The opinion of the court was delivered by: Foreman, District Judge
Plaintiffs Ware and Lasumba bring this action asserting various violations of their constitutional rights; each was an inmate in the Lawrence Correctional Center at the time they filed this action. This case is now before the Court for a preliminary review of the amended complaint (Doc. 34) pursuant to 28 U.S.C. § 1915A, which provides:
(a) Screening.-- The court shall review, before docketing, if feasible or, in any event, as soon as practicable after docketing, a complaint in a civil action in which a prisoner seeks redress from a governmental entity or officer or employee of a governmental entity.
(b) Grounds for Dismissal.-- On review, the court shall identify cognizable claims or dismiss the complaint, or any portion of the complaint, if the complaint--
(1) is frivolous, malicious, or fails to state a claim on which relief may be granted; or
(2) seeks monetary relief from a defendant who is immune from such relief.
28 U.S.C. § 1915A. An action or claim is frivolous if "it lacks an arguable basis either in law or in fact." Neitzke v. Williams, 490 U.S. 319, 325 (1989). Upon careful review of the amended complaint (Doc. 34) and any supporting exhibits, the Court finds it appropriate to exercise its authority under § 1915A; portions of this action are legally frivolous and thus subject to summary dismissal.
The primary focus of this action is an amalgamation of claims involving Plaintiffs' religious practices. They allege that Defendants have denied them a Halal meal (¶ 1), a prayer rug (¶ 2), congregational prayer services (¶ 3), and religious head wear (¶ 9). Lasumba alleges that he was allowed only 10 minutes to eat during Ramadan (¶ 5), while Ware states that he was forced to forego the Ramadan fast because the evening meal provided to Ramadan participants was nutritionally inadequate (¶ 10). Lasumba is upset that his religious medallion was confiscated (¶ 4), while Ware contends that he should be allowed to teach Arabic to fellow Muslims (¶ 12).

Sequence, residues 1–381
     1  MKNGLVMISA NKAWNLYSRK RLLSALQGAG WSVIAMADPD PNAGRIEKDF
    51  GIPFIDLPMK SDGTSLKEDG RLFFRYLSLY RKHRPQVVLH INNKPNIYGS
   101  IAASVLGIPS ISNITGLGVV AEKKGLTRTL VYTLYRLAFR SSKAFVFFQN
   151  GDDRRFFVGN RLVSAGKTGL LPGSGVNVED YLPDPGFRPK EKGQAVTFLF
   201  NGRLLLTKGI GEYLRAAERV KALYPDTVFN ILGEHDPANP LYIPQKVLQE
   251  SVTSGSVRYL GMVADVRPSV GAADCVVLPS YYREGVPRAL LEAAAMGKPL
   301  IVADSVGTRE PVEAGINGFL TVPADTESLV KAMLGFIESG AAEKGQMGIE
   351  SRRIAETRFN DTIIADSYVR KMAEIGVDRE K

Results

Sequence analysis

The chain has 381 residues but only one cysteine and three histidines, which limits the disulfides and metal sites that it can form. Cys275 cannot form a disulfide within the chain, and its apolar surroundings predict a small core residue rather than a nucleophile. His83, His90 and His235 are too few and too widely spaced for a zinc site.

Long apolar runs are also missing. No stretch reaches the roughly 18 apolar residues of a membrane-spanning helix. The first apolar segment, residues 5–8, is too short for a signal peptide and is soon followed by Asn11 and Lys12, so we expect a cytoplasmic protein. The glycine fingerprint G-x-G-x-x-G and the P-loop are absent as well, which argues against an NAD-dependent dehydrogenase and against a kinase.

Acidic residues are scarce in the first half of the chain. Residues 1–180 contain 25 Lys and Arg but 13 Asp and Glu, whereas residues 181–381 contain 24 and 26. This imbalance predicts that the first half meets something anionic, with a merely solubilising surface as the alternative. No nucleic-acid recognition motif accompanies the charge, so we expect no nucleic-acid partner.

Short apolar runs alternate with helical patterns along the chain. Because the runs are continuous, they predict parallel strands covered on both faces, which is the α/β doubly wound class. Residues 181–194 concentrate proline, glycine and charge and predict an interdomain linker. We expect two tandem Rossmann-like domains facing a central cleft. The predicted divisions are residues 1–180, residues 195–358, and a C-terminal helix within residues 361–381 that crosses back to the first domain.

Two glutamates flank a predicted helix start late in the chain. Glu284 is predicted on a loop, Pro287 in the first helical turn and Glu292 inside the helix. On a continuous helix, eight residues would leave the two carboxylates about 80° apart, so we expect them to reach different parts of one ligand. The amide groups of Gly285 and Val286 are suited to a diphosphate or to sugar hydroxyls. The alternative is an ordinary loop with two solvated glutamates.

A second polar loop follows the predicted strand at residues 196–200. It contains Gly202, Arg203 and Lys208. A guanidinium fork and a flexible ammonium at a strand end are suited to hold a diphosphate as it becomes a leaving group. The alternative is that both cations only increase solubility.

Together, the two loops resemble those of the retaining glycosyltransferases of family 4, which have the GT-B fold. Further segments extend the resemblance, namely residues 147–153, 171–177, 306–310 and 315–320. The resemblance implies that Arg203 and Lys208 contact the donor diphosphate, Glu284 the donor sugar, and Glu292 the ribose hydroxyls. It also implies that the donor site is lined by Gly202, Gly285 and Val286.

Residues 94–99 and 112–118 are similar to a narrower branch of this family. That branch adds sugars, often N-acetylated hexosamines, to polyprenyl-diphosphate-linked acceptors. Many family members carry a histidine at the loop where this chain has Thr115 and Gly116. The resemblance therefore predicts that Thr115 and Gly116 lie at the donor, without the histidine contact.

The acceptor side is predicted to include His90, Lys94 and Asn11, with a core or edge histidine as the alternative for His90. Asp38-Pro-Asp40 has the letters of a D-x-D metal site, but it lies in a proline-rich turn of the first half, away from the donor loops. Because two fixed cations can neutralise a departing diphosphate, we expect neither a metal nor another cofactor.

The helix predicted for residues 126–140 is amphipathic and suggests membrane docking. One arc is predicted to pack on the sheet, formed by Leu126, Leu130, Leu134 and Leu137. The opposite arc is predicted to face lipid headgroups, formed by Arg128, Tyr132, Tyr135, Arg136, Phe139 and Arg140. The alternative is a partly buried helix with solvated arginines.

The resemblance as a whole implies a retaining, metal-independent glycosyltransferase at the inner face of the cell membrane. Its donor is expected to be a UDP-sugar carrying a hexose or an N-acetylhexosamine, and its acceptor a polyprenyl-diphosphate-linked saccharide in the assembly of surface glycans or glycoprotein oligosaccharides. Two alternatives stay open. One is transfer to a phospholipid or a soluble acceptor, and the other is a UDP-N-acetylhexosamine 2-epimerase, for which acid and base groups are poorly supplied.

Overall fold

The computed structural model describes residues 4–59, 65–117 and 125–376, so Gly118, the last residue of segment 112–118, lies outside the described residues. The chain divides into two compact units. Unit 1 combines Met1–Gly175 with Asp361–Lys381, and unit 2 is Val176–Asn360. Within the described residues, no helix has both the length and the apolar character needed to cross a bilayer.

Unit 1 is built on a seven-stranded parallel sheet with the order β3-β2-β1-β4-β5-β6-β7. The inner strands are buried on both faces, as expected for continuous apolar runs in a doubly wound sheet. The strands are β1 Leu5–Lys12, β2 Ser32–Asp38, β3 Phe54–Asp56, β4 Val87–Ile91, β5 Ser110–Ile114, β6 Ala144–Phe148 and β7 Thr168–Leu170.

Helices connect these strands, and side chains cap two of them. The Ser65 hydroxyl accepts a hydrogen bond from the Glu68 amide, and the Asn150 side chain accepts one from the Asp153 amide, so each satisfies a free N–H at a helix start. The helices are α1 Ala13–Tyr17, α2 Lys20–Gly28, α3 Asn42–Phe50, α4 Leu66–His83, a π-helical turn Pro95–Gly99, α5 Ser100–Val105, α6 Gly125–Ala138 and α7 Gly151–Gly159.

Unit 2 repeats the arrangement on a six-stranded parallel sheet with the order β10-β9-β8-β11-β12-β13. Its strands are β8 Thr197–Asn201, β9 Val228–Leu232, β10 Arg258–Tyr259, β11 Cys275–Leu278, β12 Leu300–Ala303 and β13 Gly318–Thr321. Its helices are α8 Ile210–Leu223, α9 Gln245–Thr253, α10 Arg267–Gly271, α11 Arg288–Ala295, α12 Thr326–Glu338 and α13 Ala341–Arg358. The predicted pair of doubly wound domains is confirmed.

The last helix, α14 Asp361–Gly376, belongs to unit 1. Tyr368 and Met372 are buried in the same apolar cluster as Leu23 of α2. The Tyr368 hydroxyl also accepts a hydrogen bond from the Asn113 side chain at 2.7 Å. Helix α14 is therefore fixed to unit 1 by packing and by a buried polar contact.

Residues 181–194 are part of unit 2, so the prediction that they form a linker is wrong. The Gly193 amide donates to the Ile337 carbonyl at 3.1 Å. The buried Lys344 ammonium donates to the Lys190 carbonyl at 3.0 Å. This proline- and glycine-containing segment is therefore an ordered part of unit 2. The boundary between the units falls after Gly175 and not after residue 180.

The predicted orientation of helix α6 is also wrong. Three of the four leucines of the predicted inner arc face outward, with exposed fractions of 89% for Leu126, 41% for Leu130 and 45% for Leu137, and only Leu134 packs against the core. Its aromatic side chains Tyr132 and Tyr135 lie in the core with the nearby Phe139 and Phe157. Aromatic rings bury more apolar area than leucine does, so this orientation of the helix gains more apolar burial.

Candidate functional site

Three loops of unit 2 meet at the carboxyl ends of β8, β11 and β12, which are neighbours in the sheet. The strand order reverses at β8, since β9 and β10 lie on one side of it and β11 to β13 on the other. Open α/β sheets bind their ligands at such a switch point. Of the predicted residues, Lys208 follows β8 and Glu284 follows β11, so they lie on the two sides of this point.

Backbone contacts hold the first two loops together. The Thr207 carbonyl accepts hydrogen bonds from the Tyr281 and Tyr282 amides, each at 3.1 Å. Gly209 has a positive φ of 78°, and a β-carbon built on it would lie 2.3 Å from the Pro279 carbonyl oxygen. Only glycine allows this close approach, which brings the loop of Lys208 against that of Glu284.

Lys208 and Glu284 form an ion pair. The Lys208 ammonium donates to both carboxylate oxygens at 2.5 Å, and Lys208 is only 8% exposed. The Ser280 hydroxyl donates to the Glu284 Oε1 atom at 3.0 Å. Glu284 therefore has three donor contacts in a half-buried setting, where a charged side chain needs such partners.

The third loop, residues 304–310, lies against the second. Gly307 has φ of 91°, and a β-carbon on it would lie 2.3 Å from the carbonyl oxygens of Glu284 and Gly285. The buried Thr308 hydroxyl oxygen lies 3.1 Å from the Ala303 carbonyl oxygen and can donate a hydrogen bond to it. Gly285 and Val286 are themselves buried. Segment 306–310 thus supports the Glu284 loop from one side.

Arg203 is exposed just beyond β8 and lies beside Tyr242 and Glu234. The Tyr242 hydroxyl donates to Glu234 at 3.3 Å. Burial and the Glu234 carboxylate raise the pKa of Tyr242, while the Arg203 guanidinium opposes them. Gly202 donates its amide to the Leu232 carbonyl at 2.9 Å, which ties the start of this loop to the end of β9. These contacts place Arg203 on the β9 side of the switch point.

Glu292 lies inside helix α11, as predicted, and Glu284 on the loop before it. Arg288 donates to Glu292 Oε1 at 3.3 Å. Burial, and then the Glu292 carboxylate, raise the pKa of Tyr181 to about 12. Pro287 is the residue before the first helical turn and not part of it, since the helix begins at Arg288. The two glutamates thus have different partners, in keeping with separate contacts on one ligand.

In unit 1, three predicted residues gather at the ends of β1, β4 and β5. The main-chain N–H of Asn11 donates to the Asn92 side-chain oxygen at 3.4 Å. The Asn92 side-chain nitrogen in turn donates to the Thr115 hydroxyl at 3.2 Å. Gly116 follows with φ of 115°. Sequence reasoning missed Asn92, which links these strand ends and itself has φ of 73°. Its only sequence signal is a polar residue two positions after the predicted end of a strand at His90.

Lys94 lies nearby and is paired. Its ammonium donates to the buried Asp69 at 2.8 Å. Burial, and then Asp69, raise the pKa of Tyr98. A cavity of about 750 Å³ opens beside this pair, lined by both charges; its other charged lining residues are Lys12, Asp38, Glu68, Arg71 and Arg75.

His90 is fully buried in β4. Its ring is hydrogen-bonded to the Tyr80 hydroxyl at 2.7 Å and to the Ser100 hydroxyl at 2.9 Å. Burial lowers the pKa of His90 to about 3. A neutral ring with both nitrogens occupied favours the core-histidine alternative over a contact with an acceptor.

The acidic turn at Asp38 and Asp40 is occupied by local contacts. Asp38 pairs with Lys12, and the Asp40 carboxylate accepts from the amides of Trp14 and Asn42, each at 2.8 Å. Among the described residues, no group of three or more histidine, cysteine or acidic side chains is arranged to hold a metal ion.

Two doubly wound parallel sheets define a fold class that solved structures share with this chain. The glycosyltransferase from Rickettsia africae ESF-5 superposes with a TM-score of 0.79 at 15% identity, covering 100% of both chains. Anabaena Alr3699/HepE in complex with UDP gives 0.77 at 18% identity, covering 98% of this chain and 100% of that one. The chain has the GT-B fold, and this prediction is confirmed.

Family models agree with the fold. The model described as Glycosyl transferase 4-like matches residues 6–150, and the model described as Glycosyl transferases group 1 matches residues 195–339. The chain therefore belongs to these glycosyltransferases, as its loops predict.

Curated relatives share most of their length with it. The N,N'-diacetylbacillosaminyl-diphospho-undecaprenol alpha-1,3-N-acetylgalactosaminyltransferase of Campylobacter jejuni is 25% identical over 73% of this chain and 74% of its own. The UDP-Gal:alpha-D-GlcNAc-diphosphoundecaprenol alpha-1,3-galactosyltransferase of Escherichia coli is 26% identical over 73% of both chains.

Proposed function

It is well-established that "a prisoner is entitled to practice his religion insofar as doing so does not unduly burden the administration of the prison." Hunafa v. Murphy, 907 F.2d 46, 47 (7th Cir. 1990); see Al-Alamin v. Gramley, 926 F.2d 680, 686 and nn. 3-5 (7th Cir. 1991) (collecting cases). On the other hand, a prison regulation that impinges on an inmate's First Amendment rights is nevertheless valid "if it is reasonably related to legitimate penological interests." O'Lone v. Estate of Shabazz, 482 U.S. 342, 349 (1987) (quoting Turner v. Safley, 482 U.S. 78, 89 (1987)). Such interests include inmate security and the proper allocation of limited prison resources. See id. at 348, 352-53; Turner, 482 U.S. at 90; Al-Alamin, 926 F.2d at 686.
Based on these standards, the Court is unable to dismiss these First Amendment claims at this point in the litigation. See 28 U.S.C. § 1915A.
In addition to their claims regarding religion, Plaintiffs include several brief allegations regarding other incidents of prison life. None of these claims rises to the level of a constitutional violation, as explained below.
Plaintiffs first contend that they are continuously subjected to the smell of their cell mates' feces, as their toilets flush every five minutes (¶ 6). The Court would think that a working, flushing toilet is a good thing; it is when the toilet does not flush that problems of stench typically arise. In any event, to state a constitutional claim regarding conditions of confinement in a prison, two elements are required. First, an objective element requires a showing that the conditions deny the inmate "the minimal civilized measure of life's necessities," creating an excessive risk to the inmate's health or safety. Farmer v. Brennan, 511 U.S. 825, 834 (1994). The second requirement is a subjective element -- ...